Temptations is a New Orleans strip joint whose neon sign declares it “The Gentlemens’ [sic] Club in a Class By Itself.” Open noon ’til dawn, it sits on a crowded stretch of Bourbon Street between the century-old Galatoire’s restaurant and Larry Flynt’s Barely Legal Club. Inside Temptations, the ground-floor parlor is done up in antebellum-period décor, with a pair of grand fireplaces and crystal chandeliers. The paint on the walls cracks with antiquarian charm. At the rear of the room, red velvet-upholstered stools line a bar that serves up chilled cocktails to cut the bayou heat. The parlor is centered around a stage with a dance pole, where, during a recent late-night visit, a stripper billed as “Ryan” Lockhart was hard at work, wriggling her g-string-clad body around the head of a bald man with a fist full of money.

When Lockhart finished her routine, redonning her leopard-print brassiere and shredded black dress and joining the half-dozen other ladies working the floor, I asked if she was aware of the building’s notable history as the former home of Judah P. Benjamin, the Confederate secretary of state and America’s first openly Jewish senator.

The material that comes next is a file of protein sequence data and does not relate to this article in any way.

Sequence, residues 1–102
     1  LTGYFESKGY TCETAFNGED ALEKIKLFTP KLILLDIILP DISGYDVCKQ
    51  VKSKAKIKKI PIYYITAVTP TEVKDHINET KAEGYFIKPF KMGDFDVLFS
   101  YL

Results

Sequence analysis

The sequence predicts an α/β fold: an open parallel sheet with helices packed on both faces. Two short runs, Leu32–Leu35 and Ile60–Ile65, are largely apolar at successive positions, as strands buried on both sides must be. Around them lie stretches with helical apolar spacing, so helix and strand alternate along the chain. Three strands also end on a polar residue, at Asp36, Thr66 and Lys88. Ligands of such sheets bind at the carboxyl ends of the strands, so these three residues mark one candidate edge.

The answer given to the above question is usually either Jefferson Davis or Robert E. Lee. A compelling case can be made however for Judah Benjamin, the individual who served the Confederate States of America at various times during its short existence as attorney general and secretaries of war and state. Davis and Lee really would be his only competition, Davis by default as president and Lee for keeping the army in the field and serving as the nation’s face. Benjamin, though, did as much as anyone to keep the Confederacy afloat for as long as it did. While I do not think he has been as forgotten by history as the Tablet article excerpted above makes him out to be, Benjamin has been left out of the narrative somewhat. Diplomacy and the minutiae of supply procurement don’t make for the riveting reading that many Civil War “buffs” are looking for. The article does a good job of explaining why Benjamin is less know today than he should be. Reasons include anti-semitism or, conversely, embarrassment on the part of contemporary Jews at acknowledging his outsized role in secession and the South’s peculiar institution. Also, his relocation to France after the war left him far from the point of creation of the Lost Cause mythology. Another reason is that the notoriously private Benjamin may have been gay. Whatever the cause, Daniel Brook offers a fascinating account of the Benjamin historiography.